At a ceremony last month to announce the Brazilian mega-takeover by Suzano Papel e Celulose of Fibria Celulose to create the world’s biggest producer of market pulp, the raw material for paper, executives reached for superlatives.
“This will be the biggest Brazilian company in agribusiness,” said Walter Schalka, the chief executive officer of Suzano — an achievement in a country that is a world leader in agricultural goods ranging from sugar to coffee beans.
But the $14.5bn deal between the two Brazilian companies was significant for another reason — it put Latin America’s largest economy firmly back on the radar of the global international mergers and acquisitions market.
The deal was the biggest takeover of a Brazilian target company in Brazil’s history, excluding a 2010 government deal with state-owned oil producer Petrobras, according to data company Dealogic.
It was one of the top 10 deals globally by size in the first quarter of this year and it comes as other Brazilian companies are launching eye-catching deals. PagSeguro Digital, a Brazilian payments company, staged the second-biggest initial public offering in the world during the quarter, with a $2.6bn listing in New York.
Bankers argue the transactions represent a resurgence of the Brazilian market that is likely to continue in spite of heightened uncertainty in 2018, as the country faces its most unpredictable presidential elections in decades. Driving the interest is the nation’s economic recovery, with gross domestic product expected to grow nearly 3 per cent this year, up from 1 per cent in 2017, on the back of record-low interest rates.
“This year could be as good as or even better than 2017,” said Roderick Sinclair Greenlees, global head of investment banking at Itaú BBA, Brazil’s largest private sector bank. Itaú advised Suzano and was ranked second by deal value in the first quarter M&A league tables for Brazil, according to Dealogic.
Bankers argue the deal also represents one of the first large Brazilian transactions that was not related to the negative consequences of the country’s recession or crippling corruption scandals that have swept the country.
In 2017, for instance, companies such as JBS, the world’s largest meatpacker, were driven by their involvement in Brazil’s biggest political bribery investigation, known as Lava Jato, to deleverage by offloading assets.
While this trend is expected to continue — Petrobras, which was also at the centre of Lava Jato, is looking to sell a pipeline arm known as TAG, reportedly for about $8bn — other megadeals on the horizon are more strategic in nature.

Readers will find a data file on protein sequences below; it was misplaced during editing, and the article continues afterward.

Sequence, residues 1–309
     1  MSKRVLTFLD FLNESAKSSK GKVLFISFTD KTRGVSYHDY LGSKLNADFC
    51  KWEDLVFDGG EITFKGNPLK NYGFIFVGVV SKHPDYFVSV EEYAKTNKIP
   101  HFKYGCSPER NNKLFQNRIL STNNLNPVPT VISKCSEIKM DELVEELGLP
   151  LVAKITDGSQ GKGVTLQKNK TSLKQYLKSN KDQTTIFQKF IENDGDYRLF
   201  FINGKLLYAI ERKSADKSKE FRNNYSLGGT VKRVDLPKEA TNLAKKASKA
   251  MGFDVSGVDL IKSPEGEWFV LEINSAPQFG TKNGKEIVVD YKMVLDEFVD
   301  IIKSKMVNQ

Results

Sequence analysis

These include talks between Boeing and Brazil’s Embraer, the world’s third-largest commercial aircraft producer, and the potential sale of Brazil’s largest fixed line telecom operator, Oi.
“There are many potential large deals,” says Bruno Amaral, head of M&A at BTG Pactual. The Brazilian investment bank represented a rival bidder, Paper Excellence, in the contest for Fibria. “It’s not hard to envisage a hot market till the end of the year,” Mr Amaral added.
Bankers say the Fibria deal also shows that bank finance is beginning to flow back into the market. A consortium of international banks — JPMorgan Chase, BNP Paribas, Mizuho Bank and Rabobank — is providing $9.2bn in loans to Suzano for the purchase.
“You cannot be considered an international bank if you are not present in Brazil,” said Sandrine Ferdane, chief executive officer of BNP Paribas in Brazil.
The big question mark on the horizon remains the October presidential election. Two populists, former president Luiz Inácio Lula da Silva from the left and Jair Bolsonaro from the extreme right, are leading preliminary polling. But there are countless other potential candidates, from a black supreme court judge, Joaquim Barbosa, to the powerful centre-right governor of the state of São Paulo, Geraldo Alckmin. Compounding the uncertainty is that Mr Lula da Silva is facing jail after being convicted of corruption and losing both of his appeals so far.
However, bankers say that whoever wins, Brazil’s tight fiscal situation will force the next president to undertake important reforms, such as overhauling the country’s expensive pension system.
“There’s a very good chance that, if it’s a business-friendly candidate in terms of policies and reforms … then we’re going to combine a cyclical recovery with a structural change,” said Mr Amaral of BTG.
In the meantime, M&A would continue as strategic investors moved into the region, although the equity market would be likely to take a break for most of the second half during the election.
“Elections are important for the capital markets and I think we will see those [equity] deals either happen now, in the first half of the year, or at the very end of the year,” Mr Greenlees said.